My daily encounter with artists makes me ask why they use the materials they do to create their work. What makes them decide and settle on their subject matter?
If I were to give 100 artists a few tubes of paint or a ball of clay there would be 100 unique ways to use the given materials. These different approaches show us how individual we all are.
All the artists in this exhibition, including myself, have and do work in many mediums.
Trained in mixed media, I first specialised in wood, then ceramics and, over the last 12 years, I developed my carved paintings, which are oil and gesso on board. These pieces are either abstract or more representative and often inspired by nature.
I have come to realise that we are never one thing and we can draw on our inspiration from many sources.
I have invited Laurence Wallace to join the exhibition. Laurence is the first watercolourist I have welcomed into my family of artists. As with all my artists, I am always looking for them to be using their chosen medium in unique and skilful ways. Laurence’s still life paintings blow me away, with his consummate control of watercolour.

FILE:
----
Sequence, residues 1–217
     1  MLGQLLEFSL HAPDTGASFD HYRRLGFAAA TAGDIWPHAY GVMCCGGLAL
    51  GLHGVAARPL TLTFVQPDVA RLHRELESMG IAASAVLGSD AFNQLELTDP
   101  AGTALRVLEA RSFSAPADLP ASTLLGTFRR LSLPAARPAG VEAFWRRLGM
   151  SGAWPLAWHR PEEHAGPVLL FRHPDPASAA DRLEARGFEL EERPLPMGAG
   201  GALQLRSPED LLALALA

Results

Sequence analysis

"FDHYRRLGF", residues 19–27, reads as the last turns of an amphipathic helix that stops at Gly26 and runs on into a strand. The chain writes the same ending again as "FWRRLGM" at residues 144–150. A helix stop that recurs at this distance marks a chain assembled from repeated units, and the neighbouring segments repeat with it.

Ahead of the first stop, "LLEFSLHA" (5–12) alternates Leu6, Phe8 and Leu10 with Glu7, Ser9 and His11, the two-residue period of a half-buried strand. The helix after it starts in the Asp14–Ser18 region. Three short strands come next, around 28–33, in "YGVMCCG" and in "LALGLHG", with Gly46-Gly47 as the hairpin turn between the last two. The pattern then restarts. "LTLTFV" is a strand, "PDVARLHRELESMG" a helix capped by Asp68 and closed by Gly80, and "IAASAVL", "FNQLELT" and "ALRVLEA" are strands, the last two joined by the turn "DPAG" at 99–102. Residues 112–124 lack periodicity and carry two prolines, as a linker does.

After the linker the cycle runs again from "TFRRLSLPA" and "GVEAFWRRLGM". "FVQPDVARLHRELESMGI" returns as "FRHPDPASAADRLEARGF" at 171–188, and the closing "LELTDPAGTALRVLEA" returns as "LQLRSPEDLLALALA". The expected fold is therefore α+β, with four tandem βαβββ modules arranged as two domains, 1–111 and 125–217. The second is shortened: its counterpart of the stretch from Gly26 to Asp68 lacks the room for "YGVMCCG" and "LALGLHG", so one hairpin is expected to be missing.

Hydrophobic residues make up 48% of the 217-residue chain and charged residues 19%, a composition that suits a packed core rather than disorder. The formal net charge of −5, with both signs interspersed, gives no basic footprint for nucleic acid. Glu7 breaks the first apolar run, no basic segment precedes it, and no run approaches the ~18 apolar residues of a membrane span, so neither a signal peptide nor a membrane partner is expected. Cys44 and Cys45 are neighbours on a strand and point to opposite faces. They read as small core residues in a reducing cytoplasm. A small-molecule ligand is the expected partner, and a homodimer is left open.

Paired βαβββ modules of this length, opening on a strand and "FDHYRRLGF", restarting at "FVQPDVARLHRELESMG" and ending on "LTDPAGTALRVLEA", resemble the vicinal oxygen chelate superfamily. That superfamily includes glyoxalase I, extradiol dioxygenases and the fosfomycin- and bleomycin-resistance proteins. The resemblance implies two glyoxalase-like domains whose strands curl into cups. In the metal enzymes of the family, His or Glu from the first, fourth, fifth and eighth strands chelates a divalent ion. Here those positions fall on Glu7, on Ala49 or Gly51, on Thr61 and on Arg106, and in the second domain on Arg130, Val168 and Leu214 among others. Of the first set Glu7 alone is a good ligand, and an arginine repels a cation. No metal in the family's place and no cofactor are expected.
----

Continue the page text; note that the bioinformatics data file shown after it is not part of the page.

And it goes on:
In the case of Alice Sheppard Fidler, she has a background in textiles and has worked with set design for TV and magazines. I showcased her landscape paintings earlier this year and, having been taken by her still life paintings, I offered her a second exhibition. Alice’s still life paintings capture an everyday domestic moment. She usually uses large brush stokes of paint in a simple visual language which is far from simplistic.
Alice’s painting entitled 'Teacups' has been recently selected for the Royal West Society’s 165th Annual Open in Bristol.
Craig Underhill is renowned for his abstract vessels, which are hand built structural forms. Craig continually sketches and paints and this dedication is the strength of his practice and greatly informs and influences his ceramic work.
Californian artist Erin Burns employs many techniques to produce her original paintings. Her work involves delicately painting and marking the surface of a photograph taken from nature then mounted on aluminium and covered in multiple layers of viscous polymer resin and paint. The viewer appears to be looking through a translucent solid where textures, layers, and imagery converge.
This exhibition reveals five artist’s approach to their subject matter and processes.